Red Dot United is calling for a by-election after Senior Minister (SM) Tharman Shanmugaratnam resigned from the People’s Action Party (PAP).
And no, Red Dot United is not a soccer team. It’s an opposition political party.
Opposition Party Red Dot United Calls for Jurong GRC By-Election After SM Tharman’s Resignation
On Thursday (8 June), the opposition party Red Dot United (RDU) issued a statement in light of SM Tharman’s resignation from the PAP to run for President, which, unless you live under a rock, would have heard of.
SM Tharman’s resignation means a spot in his Group Representation Constituency (GRC), Jurong GRC, has been freed up. As a result, RDU is now calling for a by-election at Jurong GRC.
At this point, you might scoff at the idea of a by-election. You might even think that in the event of a by-election, PAP could send even Ivan Lim to hustle the spot from RDU.
Yet, before all that, a broader problem arises: Should by-elections even be called in the first place?
The opposition party’s statement emphasised the need for the hole left in Jurong GRC to be filled after SM Tharman’s step down. This is especially given that SM Tharman is the minority MP for Jurong GRC.
Quick crash course on the GRC system if you didn’t listen in school: each GRC team must have at least one member from a minority community to ensure representation of minority communities in Parliament.
Currently, the other Members of Parliament (MPs) representing Jurong GRC are Senior Parliamentary Secretary for Health and Law Rahayu Mahzam, Dr Tan Wu Meng, Mr Xie Yao Quan and Mr Shawn Huang.
If by-elections are not called to fill SM Tharman’s spot, “the government risks diluting the representation of that community in Parliament,” RDU’s secretary-general Ravi Philemon said.
No Requirement to Call By-Election When MP in GRC Steps Down
While RDU’s calls for a by-election are understandable, the reality is this: it most likely won’t happen.
Or, as your mother would say, “Wait long long”.
There is no requirement for the gahmen to call for a by-election in light of an MP’s step down from a GRC. And yes, that is even if the MP is a minority.
You might recall that back in 2017, when our current President, Mdm Halimah Yacob, stepped down as MP for Marsiling-Yew Tee GRC to run for President, no by-elections were called as well.
The government’s non-obligation to call for such by-elections has been reiterated time and again, probably so much that even gahmen also dulan already.
It’s like if the auntie at the drinks store asks you to repeat your kopi peng order ten times.
In April 2019, it was also confirmed by the Singapore Courts that unlike a Single-Member Constituency (SMC) where there’s only one spot to free up, by-elections need not be called when a single spot frees up in a GRC.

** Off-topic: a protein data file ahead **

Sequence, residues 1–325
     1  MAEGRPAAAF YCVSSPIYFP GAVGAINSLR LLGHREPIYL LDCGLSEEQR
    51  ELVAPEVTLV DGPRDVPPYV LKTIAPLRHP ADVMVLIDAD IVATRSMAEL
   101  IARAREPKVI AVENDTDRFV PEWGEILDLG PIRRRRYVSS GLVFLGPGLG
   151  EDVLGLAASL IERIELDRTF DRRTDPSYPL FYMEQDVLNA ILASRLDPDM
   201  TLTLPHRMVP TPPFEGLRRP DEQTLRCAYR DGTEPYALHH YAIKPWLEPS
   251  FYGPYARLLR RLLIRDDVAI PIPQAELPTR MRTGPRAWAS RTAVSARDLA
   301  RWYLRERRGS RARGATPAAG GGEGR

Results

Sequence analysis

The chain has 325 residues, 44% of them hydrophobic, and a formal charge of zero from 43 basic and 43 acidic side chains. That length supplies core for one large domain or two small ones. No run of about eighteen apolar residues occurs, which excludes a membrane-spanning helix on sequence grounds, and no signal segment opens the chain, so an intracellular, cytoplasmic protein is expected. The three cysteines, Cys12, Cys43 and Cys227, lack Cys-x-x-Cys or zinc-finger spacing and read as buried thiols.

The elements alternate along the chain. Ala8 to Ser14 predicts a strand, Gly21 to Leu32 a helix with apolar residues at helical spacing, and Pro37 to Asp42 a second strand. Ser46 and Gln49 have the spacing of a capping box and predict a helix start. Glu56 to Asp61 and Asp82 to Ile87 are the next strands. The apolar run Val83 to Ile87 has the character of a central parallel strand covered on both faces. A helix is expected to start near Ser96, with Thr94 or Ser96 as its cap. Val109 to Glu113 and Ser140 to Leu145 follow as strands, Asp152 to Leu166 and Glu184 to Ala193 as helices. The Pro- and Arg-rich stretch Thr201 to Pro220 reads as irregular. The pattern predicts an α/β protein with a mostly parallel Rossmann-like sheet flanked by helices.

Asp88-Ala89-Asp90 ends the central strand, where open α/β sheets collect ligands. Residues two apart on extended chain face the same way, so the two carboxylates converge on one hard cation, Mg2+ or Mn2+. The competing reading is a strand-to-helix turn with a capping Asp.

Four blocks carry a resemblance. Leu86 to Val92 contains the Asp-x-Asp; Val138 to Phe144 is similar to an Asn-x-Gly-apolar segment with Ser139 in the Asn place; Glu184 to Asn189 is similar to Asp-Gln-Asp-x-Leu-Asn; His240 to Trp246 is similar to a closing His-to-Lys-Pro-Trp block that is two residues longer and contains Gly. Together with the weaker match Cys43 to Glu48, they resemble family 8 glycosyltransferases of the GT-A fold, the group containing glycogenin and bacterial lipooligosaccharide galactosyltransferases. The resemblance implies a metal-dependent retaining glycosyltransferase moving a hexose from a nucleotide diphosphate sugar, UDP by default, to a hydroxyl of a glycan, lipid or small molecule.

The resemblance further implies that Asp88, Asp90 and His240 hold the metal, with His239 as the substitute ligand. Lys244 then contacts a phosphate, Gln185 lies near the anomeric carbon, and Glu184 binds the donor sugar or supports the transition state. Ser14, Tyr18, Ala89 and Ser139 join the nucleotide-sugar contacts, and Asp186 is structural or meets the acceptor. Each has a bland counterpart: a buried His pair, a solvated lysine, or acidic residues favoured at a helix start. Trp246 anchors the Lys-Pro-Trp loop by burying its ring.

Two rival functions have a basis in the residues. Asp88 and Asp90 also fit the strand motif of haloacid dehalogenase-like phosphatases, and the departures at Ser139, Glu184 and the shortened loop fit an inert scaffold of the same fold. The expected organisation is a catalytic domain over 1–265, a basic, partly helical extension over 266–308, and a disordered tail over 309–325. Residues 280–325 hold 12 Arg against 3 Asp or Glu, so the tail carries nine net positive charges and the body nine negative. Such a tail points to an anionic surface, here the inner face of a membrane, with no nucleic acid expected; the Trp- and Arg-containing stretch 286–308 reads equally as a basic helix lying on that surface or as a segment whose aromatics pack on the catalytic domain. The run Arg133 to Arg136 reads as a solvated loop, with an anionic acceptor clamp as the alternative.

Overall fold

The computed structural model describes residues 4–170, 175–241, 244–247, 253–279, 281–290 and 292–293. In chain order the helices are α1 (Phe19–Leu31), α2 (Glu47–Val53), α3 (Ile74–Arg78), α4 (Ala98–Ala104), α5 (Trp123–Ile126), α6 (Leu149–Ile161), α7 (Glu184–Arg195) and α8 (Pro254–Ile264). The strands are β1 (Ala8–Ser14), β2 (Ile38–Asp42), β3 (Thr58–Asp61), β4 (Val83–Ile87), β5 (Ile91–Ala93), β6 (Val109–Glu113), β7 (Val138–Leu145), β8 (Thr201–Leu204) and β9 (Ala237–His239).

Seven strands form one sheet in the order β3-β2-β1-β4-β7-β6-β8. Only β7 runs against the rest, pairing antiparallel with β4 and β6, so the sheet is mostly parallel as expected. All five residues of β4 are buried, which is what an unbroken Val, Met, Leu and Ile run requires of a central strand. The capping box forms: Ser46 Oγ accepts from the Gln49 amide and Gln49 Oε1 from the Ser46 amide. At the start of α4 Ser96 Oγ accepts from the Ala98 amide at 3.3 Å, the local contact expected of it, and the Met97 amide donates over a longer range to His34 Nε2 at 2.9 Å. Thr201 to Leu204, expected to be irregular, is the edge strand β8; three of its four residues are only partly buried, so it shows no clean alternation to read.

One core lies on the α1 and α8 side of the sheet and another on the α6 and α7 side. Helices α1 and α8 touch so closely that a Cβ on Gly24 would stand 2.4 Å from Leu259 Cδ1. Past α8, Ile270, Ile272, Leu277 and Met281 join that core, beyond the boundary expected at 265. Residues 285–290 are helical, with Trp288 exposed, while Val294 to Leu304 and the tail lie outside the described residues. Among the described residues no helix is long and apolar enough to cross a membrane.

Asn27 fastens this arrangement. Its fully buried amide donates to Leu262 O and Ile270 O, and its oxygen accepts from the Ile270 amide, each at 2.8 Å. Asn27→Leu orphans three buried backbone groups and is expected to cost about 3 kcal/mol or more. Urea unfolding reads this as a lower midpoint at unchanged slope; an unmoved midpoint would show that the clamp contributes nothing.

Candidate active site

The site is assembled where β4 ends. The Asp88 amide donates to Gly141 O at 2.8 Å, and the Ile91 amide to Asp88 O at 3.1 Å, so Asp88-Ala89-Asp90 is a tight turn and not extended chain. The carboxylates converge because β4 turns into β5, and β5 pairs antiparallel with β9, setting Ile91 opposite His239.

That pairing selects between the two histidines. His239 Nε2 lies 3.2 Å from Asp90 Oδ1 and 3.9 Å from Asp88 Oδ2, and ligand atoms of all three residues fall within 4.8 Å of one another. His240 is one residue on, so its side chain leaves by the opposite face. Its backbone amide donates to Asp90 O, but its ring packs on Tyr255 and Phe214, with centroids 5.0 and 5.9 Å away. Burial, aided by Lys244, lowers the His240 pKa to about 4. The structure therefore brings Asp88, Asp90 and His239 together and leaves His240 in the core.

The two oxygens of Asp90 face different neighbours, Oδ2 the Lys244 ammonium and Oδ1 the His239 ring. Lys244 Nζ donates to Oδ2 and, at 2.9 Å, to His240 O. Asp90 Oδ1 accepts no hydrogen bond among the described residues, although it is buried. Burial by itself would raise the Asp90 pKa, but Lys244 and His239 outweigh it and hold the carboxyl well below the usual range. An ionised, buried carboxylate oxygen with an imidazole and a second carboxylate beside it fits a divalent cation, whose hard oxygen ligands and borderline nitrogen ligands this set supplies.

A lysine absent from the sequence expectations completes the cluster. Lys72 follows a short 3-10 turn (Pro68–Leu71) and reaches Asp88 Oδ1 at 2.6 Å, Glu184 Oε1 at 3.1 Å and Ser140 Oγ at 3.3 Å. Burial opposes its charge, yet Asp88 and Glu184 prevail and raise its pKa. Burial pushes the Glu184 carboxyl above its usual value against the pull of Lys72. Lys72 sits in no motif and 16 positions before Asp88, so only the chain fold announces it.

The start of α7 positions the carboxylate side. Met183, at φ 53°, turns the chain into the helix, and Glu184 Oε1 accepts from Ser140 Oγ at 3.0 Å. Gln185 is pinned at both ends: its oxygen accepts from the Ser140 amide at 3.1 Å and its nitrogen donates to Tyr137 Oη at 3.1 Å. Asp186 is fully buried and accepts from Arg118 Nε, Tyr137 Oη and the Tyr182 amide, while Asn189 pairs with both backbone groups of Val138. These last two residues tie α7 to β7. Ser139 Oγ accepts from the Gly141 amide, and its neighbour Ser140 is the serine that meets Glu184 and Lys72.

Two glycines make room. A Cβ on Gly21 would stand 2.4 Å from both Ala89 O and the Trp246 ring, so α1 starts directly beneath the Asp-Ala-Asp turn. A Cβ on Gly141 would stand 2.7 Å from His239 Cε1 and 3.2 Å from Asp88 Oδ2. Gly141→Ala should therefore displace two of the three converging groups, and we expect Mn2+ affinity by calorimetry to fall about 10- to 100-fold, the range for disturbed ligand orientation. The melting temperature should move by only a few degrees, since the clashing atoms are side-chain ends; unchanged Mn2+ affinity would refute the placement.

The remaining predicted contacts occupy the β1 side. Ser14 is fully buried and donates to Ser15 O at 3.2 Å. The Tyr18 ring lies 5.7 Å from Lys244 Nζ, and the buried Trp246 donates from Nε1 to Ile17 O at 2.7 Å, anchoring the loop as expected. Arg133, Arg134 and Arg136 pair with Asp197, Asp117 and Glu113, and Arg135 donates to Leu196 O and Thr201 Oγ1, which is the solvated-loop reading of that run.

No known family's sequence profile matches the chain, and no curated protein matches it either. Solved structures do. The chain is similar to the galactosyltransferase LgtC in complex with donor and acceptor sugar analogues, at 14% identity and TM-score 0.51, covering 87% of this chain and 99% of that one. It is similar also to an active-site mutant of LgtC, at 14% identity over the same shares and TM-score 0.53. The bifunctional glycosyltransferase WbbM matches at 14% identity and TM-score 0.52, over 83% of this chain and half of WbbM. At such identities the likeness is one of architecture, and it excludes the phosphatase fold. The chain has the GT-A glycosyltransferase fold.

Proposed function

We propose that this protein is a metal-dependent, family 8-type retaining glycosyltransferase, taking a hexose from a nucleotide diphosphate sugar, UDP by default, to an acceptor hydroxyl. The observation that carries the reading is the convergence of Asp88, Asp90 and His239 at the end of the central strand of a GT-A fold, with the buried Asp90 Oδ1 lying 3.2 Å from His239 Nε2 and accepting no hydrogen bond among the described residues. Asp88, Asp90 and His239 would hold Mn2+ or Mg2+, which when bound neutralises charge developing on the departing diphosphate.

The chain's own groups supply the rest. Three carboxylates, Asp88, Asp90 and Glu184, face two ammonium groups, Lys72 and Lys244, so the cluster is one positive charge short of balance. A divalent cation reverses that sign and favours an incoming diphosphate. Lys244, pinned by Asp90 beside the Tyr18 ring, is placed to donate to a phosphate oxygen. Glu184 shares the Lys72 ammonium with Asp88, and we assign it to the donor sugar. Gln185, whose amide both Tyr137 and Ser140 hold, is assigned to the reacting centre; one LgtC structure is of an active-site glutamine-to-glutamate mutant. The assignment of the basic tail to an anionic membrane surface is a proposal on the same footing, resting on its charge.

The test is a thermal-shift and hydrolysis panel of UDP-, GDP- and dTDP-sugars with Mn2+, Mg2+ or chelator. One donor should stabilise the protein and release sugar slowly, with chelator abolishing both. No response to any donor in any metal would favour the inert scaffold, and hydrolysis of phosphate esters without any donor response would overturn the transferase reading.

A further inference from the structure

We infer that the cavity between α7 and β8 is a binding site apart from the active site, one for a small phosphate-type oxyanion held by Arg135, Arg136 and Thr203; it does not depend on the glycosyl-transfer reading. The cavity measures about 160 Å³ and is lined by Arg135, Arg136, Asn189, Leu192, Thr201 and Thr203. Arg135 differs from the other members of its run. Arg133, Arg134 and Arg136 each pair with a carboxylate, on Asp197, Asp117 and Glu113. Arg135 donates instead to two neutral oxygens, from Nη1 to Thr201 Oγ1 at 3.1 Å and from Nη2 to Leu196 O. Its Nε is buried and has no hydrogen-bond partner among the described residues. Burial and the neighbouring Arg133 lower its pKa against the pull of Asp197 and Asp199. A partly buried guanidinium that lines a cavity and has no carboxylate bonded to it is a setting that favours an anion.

Only if all other MPs in the GRC resign must by-elections be called.
Mr Philemon acknowledges the above in the opposition party’s statement. Regardless, RDU urges by-elections to be called anyway, emphasising that doing so was integral to “preserve minority representation and prevent the abuse of the system”.
What’s Next for Jurong GRC in Light of SM Tharman’s Resignation to Run for President?
Instead of a by-election, here’s what’s likely to happen to Jurong GRC in light of SM Tharman’s resignation.
You’ll probably see the smiles fade away from the faces of Jurong GRC residents as the reality of their favourite MP’s resignation sets in. The sun will stop shining on Jurong, and the kopi peng now tastes slightly more bitter.
All jokes aside, not much is likely to change in Jurong GRC after SM Tharman’s resignation.
The Meet-the-People sessions in Taman Jurong, SM Tharman’s ward, will go on as usual. However, Taman Jurong residents can expect to see Mr Huang instead of SM Tharman at these sessions.
Other events and meetings with residents organised by Jurong GRC will also be covered by the other MPs in the GRC.
So, if you’re a resident in Jurong GRC who needs an MP to write to the Immigration & Checkpoints Authority (ICA) about your passport renewal, don’t worry. There’ll still be an MP there to write your letter despite SM Tharman’s step down.
As for who will eventually fill SM Tharman’s spot in Jurong GRC for the next general election, we’ll have to wait and see.
After all, these are big shoes to fill.
SM Tharman Resigns From PAP to Run for President
If you didn’t know that SM Tharman was resigning, we suggest you stop following the Jocelyn Chia saga excessively and read other news.
Regardless, here’s a quick summary of SM Tharman’s resignation from PAP, which was what triggered RDU to release their statement in the first place.
In late May, our current President, Mdm Halimah Yacob, announced that she would not be running for re-election.
After six long years, Madam President can finally pang gang on 13 September. This means someone else has to do the presidential sai gang.
And we’re guessing it’s likely to be SM Tharman.
This week, SM Tharman announced his intention to run for President. Since the President cannot be part of any political party, SM Tharman also announced his resignation from PAP.
The politician will also be stepping down from his other posts, including as Coordinating Minister for Social Policies and the Chairman of the Monetary Authority of Singapore (MAS).
SM Tharman will officially step down on 7 July. Afterwards, for a while at least, he’ll become “that unemployed friend on a Tuesday”.
PM Lee has also since accepted SM Tharman’s resignation and thanked the SM for his service to the nation.
You can find out more about SM Tharman’s resignation here.
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